IC: “The recommendation has emerged that in the review of the document, we proceed very carefully to facilitate the text, to clean it of overly technical language and to enrich it with different points of view.”
    HB: “point to positive experiences: movements, domestic catechumenate, formed and forming families, family support programs and bioethics at universities and colleges.”
    G: “So we suggest and ask, at the beginning of the first chapter to add a section that describes the beauty of marriage, the mission of marriages and families, and draw on the concerns and observations of Pope Francis. Gratefully and with awe we perceive that marriage is called to participate in the creative power of God and in His work of redemption. [...] In the constitution of the texts it should be ensured that religious and theological positions are understandable not only internally, but are also accessible in a secular environment. This calls for a “cultural translation”, as it were an inculturation. For the editing of the final document this means, whether a negatively delimiting and normative judgmental language prevails (forensic style) or a positive language that unfolds the Christian position is used, where the two are incompatible from a Christian perspective.”

  2. Avoid overly bleak analysis of status quo.
    AA: “speak less of “crisis” and more of “lights and shadows.””
    AB: “the analysis of the difficulties which the family faces was too negative.”
    AC: there “needs to be a less negative reading of history, culture and the situation of the family at this time. True, there are negative forces at work at this time in history and in the various cultures of the world; but that is far from the full story. If it were the full story, all the Church could do would be to condemn. There are also forces which are positive, even luminous, and these need to be identified, since there may well be the signs of God in history.”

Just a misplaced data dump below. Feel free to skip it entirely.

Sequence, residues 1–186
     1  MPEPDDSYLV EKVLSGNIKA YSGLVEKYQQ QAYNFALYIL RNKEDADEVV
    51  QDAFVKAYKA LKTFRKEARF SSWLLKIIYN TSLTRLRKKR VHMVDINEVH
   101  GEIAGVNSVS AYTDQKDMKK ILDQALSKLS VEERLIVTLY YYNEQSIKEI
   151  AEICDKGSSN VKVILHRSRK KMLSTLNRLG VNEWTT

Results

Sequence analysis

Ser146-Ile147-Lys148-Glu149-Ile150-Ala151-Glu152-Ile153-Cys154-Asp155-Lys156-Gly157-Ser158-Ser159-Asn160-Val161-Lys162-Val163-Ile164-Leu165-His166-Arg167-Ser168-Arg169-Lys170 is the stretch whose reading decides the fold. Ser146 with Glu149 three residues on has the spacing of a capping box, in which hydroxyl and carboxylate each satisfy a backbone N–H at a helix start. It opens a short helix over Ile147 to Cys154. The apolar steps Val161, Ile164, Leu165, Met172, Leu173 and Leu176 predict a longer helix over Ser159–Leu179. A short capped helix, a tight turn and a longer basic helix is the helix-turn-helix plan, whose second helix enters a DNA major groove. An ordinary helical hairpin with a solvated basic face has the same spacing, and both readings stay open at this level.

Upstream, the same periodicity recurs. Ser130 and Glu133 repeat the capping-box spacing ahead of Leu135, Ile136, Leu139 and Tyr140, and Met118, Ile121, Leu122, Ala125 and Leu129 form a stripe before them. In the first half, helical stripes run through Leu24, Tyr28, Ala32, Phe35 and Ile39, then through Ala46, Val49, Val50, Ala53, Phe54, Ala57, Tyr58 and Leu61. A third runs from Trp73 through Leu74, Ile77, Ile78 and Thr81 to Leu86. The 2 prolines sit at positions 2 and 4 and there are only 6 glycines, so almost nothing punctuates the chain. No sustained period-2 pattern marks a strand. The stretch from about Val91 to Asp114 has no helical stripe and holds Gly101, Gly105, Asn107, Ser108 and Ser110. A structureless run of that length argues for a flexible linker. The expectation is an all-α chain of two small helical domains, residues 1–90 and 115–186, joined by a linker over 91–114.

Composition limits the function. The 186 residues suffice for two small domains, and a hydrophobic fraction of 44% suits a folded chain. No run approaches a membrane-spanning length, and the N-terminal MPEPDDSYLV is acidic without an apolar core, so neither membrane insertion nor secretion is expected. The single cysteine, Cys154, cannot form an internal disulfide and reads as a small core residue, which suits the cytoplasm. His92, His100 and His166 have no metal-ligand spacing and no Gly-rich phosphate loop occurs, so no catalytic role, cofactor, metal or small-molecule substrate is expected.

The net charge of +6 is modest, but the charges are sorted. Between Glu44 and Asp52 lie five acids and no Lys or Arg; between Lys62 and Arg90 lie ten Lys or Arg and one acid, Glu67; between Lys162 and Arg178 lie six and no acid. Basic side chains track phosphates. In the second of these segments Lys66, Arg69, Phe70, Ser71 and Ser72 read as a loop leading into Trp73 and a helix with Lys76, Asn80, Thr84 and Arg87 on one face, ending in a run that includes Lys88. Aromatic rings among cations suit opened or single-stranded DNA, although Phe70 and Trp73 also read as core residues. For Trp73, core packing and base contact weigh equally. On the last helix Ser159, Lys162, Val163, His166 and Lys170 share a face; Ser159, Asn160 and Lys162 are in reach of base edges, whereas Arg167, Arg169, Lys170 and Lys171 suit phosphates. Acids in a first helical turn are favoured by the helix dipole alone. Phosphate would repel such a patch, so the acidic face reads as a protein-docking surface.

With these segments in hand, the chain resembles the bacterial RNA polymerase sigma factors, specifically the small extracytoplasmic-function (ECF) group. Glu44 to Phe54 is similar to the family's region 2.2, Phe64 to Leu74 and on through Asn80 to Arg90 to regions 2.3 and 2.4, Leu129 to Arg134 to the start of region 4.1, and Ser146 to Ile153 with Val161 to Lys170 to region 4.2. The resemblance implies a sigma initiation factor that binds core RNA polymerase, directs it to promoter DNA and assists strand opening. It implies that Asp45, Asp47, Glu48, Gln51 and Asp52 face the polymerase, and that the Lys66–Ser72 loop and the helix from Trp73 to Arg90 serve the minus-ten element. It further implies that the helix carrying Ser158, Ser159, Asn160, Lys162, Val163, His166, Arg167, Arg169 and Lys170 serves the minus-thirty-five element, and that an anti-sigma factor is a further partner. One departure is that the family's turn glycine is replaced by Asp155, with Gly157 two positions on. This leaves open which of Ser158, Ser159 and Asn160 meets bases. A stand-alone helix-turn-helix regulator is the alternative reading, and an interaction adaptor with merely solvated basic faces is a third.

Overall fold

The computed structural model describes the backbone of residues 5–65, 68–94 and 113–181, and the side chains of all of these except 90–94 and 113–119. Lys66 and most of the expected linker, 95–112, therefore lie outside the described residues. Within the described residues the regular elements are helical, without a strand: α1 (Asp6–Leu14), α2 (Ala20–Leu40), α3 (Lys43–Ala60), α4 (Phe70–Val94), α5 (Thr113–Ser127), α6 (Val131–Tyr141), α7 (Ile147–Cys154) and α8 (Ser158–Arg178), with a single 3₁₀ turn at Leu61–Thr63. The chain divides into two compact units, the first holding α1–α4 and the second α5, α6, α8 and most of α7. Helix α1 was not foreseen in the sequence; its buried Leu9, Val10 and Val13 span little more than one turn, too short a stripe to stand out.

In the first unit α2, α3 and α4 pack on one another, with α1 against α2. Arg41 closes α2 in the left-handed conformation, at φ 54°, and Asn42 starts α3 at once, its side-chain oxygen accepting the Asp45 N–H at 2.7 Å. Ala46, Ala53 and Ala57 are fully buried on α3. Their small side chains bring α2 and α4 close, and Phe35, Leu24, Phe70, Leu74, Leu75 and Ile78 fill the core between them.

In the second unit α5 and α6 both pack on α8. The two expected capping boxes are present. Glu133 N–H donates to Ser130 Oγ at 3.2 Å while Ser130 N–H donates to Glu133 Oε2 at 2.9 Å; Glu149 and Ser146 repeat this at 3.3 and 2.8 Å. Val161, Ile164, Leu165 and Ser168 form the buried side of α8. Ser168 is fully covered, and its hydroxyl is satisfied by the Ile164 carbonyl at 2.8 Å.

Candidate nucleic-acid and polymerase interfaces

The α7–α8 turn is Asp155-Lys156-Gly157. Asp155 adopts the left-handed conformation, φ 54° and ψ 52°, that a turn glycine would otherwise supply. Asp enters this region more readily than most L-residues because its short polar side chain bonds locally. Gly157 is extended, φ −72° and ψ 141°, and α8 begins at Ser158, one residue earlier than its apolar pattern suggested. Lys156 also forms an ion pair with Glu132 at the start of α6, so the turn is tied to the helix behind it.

AD: “Most of our group felt the IL should begin with hope rather than failures because a great many people already do successfully live the Gospel’s good news about marriage. Our group expressed concern that readers will simply ignore the document if it begins with a litany of negatives and social problems rather than a biblical vision of joy and confidence in the Word of God regarding the family. The huge cloud of challenges pervading the first section of the text unintentionally creates a sense of pastoral despair. [... Some] thought that the language of the text was too careful and politically correct, and because of that, the content was unclear and sometimes incoherent.”